Phototherapy of cutaneous T-cell lymphomas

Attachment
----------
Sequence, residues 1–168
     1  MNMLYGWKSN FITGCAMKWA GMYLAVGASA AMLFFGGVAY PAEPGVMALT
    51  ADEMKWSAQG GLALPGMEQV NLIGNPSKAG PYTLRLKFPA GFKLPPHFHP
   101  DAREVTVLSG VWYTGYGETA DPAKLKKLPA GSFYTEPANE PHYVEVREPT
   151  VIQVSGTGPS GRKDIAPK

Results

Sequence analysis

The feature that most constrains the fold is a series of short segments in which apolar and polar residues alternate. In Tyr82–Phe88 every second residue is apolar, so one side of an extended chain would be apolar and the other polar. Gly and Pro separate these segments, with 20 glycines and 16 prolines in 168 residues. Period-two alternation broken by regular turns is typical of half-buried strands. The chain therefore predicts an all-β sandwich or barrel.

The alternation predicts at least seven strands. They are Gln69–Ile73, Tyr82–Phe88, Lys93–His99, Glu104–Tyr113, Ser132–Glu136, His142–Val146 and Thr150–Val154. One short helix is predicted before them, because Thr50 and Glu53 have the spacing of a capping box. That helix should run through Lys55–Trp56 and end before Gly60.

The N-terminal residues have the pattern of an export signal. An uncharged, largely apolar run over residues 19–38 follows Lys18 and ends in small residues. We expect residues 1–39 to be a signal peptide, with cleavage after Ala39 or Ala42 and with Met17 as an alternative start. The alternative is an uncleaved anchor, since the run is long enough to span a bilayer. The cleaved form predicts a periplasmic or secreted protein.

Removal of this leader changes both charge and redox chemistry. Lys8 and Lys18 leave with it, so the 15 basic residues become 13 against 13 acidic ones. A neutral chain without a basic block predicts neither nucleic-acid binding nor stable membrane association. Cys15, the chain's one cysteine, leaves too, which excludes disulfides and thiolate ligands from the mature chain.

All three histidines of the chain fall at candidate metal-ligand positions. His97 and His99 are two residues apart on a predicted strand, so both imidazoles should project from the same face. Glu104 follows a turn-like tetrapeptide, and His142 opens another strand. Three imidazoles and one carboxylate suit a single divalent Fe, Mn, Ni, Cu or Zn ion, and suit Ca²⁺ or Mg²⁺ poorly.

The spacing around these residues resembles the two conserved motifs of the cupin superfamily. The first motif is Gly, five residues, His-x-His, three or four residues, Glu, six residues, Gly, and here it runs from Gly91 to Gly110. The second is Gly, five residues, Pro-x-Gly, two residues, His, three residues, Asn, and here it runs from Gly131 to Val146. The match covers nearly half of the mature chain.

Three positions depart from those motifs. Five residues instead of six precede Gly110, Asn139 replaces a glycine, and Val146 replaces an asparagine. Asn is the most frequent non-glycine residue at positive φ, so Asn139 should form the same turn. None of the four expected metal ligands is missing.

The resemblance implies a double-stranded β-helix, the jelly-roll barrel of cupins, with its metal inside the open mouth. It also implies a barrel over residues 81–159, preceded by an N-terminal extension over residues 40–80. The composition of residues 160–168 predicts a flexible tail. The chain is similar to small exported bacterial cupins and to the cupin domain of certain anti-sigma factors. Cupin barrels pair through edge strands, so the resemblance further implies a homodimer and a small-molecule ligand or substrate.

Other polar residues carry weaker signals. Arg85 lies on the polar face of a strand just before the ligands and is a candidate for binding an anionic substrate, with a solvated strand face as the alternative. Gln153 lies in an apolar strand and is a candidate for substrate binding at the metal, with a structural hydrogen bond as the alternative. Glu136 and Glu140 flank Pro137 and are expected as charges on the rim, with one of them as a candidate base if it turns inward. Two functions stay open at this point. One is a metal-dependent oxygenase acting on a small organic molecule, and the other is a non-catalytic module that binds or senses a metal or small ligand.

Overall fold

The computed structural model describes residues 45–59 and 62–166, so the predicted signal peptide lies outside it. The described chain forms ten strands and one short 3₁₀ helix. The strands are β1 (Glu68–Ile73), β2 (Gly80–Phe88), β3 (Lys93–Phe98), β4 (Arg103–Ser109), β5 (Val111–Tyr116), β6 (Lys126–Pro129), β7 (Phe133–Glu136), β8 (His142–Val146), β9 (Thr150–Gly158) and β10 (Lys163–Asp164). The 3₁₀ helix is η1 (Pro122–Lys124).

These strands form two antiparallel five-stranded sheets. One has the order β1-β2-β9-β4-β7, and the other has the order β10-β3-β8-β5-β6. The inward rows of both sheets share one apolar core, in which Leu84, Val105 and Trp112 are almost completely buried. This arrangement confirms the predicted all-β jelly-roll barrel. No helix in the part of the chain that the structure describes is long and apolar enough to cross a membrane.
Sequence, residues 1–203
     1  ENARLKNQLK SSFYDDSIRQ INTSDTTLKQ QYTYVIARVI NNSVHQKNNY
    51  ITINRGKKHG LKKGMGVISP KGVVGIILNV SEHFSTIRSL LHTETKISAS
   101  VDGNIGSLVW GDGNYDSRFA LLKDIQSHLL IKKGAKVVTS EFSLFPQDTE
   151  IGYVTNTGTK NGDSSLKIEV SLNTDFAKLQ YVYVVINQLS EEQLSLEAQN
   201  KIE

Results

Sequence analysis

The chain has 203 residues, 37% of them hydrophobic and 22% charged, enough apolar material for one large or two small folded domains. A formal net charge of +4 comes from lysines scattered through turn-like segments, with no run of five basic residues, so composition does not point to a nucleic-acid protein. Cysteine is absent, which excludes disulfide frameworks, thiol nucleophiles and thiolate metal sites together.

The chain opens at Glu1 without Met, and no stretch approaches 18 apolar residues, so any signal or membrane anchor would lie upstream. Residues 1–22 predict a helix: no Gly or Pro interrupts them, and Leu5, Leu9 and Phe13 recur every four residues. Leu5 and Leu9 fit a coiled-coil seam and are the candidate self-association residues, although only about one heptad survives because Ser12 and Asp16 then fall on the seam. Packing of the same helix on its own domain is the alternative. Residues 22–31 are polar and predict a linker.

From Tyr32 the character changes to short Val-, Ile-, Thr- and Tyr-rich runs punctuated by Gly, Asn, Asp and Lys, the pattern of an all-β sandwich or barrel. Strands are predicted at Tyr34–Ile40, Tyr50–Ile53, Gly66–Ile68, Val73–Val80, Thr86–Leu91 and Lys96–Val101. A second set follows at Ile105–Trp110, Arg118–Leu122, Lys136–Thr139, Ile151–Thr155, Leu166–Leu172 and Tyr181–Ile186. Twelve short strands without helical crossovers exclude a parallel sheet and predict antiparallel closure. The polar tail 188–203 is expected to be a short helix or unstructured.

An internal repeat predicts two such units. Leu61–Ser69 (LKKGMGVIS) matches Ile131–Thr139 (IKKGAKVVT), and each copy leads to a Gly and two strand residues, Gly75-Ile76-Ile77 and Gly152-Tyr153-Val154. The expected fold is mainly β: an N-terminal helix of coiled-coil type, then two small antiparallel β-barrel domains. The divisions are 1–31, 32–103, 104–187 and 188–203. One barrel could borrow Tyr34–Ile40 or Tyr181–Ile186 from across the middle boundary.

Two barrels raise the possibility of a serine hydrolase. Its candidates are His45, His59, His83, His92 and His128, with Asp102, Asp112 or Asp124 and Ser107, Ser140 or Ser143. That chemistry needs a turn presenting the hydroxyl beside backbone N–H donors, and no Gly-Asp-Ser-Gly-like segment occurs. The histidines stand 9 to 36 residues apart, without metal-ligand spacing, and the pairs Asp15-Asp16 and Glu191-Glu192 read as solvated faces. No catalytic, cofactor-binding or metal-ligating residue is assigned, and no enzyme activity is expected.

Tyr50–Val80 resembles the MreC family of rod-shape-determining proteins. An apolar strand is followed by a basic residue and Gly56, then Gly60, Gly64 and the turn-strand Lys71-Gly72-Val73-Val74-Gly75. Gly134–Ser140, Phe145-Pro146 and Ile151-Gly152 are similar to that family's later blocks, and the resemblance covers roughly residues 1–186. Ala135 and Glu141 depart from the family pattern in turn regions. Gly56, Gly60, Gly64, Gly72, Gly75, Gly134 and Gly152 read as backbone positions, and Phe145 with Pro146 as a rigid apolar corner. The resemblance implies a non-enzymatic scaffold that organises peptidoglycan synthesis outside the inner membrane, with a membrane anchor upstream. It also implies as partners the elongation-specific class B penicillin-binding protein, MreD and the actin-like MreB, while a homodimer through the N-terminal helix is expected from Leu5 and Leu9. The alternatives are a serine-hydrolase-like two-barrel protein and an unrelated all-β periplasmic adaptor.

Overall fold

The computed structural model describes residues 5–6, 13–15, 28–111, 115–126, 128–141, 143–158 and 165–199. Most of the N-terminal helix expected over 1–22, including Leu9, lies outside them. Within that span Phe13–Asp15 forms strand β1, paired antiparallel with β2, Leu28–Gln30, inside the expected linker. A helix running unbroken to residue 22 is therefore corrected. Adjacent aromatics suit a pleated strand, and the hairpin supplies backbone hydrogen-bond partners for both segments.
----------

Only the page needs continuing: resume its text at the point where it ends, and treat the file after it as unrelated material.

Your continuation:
Cutaneous T-cell lymphomas (CTCL) are a heterogenous group of non-Hodgkin lymphomas arising in the skin. Mycosis fungoides (MF), the most common variant, is characterised by clonal proliferation of skin residing malignant T-cells. Initially appearing with erythematous patches and plaques it follows a chronic course with progression to cutaneous tumours and extracutaneous involvement in some patients. Phototherapy with ultraviolet A radiation combined with 8-methoxypsoralen (PUVA) and with narrow-band ultraviolet B radiation (NB-UVB) are among the first line options for the treatment of MF and can induce remission in most patients. Sézary syndrome (SS) is a rare and more aggressive CTCL variant with generalized skin involvement. Patients with SS and with erythroderma from MF can benefit from treatment with extracorporeal photochemotherapy (ECP) where peripheral blood is exposed to PUVA. Phototherapy can be safely combined with systemic agents, most notably interferon-alpha and retinoids. Another photoresponsive CTCL variant is lymphomatoid papulosis (LP), a CD30+ lymphoproliferative disease characterised by chronically recurring papules. The disease responds favourably to PUVA but low dose methotrexate might be preferred for long term disease control. Recently updated treatment guidelines have been published to provide evidence-based algorithms for the stage-oriented treatment of MF, SS and LP. Areas of uncertainty are treatment schedules that are currently not optimised for CTCL, the use of phototherapy for maintenance, and the value of ultraviolet A1 radiation, excimer lasers, and photodynamic therapy.